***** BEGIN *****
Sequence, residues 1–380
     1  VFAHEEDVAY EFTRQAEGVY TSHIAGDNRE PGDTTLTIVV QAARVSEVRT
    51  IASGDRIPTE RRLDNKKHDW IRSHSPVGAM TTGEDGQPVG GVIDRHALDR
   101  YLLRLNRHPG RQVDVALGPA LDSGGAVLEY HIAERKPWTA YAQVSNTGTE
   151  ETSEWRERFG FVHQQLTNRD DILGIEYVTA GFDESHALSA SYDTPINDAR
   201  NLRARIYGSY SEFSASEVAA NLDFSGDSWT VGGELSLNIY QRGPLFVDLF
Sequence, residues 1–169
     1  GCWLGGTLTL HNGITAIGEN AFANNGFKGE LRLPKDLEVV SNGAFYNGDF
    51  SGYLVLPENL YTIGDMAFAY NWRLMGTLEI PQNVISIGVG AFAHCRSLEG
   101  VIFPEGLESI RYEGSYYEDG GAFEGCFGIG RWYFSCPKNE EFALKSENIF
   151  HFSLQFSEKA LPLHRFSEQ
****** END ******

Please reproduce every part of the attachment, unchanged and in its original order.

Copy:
Sequence, residues 1–380
     1  VFAHEEDVAY EFTRQAEGVY TSHIAGDNRE PGDTTLTIVV QAARVSEVRT
    51  IASGDRIPTE RRLDNKKHDW IRSHSPVGAM TTGEDGQPVG GVIDRHALDR
   101  YLLRLNRHPG RQVDVALGPA LDSGGAVLEY HIAERKPWTA YAQVSNTGTE
   151  ETSEWRERFG FVHQQLTNRD DILGIEYVTA GFDESHALSA SYDTPINDAR
   201  NLRARIYGSY SEFSASEVAA NLDFSGDSWT VGGELSLNIY QRGPLFVDLF
Sequence, residues 1–169
     1  GCWLGGTLTL HNGITAIGEN AFANNGFKGE LRLPKDLEVV SNGAFYNGDF
    51  SGYLVLPENL YTIGDMAFAY NWRLMGTLEI PQNVISIGVG AFAHCRSLEG
   101  VIFPEGLESI RYEGSYYEDG GAFEGCFGIG RWYFSCPKNE EFALKSENIF
   151  HFSLQFSEKA LPLHRFSEQ